Spaces communicate nonverbally – we’ve known that for some time – but sometimes there’s debate about exactly what they're saying.
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How do the items on display in a therapist’s office influence the way that therapist is perceived?
Researchers Sandra Whitehouse, James W. Varner, Michael Seid, Clare Cooper Marcus, Mary Jane Ensberg, Jennifer Jacobs and Robyn Mehlenbeck examined the Leichtag Healing Garden at the Children’s Hospital and Health Center in San Diego to identify aspects of gardens that relax and heal. Originally published in Issue 3, 2002.
Fred Dust and Patrice Martin, both of IDEO, have learned a lot about the design of effective workspaces through their observational research at hotels.
The agenda at HealthcareDesign.08 had insightful discussions of how human beings interact with their surroundings.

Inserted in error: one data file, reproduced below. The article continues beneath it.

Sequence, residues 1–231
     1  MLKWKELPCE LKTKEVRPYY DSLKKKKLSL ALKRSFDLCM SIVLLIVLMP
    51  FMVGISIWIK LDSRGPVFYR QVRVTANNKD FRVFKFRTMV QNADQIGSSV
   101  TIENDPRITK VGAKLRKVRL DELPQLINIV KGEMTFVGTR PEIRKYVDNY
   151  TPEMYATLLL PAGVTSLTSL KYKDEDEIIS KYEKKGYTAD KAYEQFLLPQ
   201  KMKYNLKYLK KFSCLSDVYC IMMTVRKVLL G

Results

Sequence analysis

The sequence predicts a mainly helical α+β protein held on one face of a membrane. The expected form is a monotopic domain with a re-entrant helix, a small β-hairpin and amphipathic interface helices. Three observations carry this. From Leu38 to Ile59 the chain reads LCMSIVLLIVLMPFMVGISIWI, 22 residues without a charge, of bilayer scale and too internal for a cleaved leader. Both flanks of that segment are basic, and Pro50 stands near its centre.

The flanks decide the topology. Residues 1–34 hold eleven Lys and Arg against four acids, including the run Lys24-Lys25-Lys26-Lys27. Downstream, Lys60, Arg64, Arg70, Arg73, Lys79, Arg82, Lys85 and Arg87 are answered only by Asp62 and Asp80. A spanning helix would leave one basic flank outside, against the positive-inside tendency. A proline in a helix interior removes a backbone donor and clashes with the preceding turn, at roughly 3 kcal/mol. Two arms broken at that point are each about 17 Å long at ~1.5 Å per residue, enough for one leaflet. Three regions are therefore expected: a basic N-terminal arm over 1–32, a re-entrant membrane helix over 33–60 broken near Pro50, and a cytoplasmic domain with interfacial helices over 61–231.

Patrons prefer different restaurant seats under different situations.
Several recent articles have addressed the relationship between home-based work and the experience of being home.
Recreational shoppers are interested in experiencing a different sort of environment than task-oriented shoppers.
This article examines the source of concern over decorative fountains and water features in hospital environments and raises questions about whether or not evidence exists to substantiate these concerns.
Researchers have determined that pregnant women value perceived hominess in a birthing center and have identified several features that contribute to a perception of hominess.